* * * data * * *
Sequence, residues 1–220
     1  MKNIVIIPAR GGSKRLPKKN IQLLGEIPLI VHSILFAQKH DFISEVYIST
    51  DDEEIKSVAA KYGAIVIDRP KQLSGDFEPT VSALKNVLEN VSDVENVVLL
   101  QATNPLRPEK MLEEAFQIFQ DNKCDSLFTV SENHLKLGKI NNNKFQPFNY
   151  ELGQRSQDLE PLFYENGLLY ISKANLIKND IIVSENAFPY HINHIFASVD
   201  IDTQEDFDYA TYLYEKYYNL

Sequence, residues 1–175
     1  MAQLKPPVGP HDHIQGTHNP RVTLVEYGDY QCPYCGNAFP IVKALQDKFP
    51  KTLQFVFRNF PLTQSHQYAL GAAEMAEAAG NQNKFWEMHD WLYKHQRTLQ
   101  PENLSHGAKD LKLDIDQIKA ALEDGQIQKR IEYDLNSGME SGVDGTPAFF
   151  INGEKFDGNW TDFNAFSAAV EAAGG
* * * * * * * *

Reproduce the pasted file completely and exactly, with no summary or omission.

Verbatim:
Sequence, residues 1–220
     1  MKNIVIIPAR GGSKRLPKKN IQLLGEIPLI VHSILFAQKH DFISEVYIST
    51  DDEEIKSVAA KYGAIVIDRP KQLSGDFEPT VSALKNVLEN VSDVENVVLL
   101  QATNPLRPEK MLEEAFQIFQ DNKCDSLFTV SENHLKLGKI NNNKFQPFNY
   151  ELGQRSQDLE PLFYENGLLY ISKANLIKND IIVSENAFPY HINHIFASVD
   201  IDTQEDFDYA TYLYEKYYNL

Sequence, residues 1–175
     1  MAQLKPPVGP HDHIQGTHNP RVTLVEYGDY QCPYCGNAFP IVKALQDKFP
    51  KTLQFVFRNF PLTQSHQYAL GAAEMAEAAG NQNKFWEMHD WLYKHQRTLQ
   101  PENLSHGAKD LKLDIDQIKA ALEDGQIQKR IEYDLNSGME SGVDGTPAFF
   151  INGEKFDGNW TDFNAFSAAV EAAGG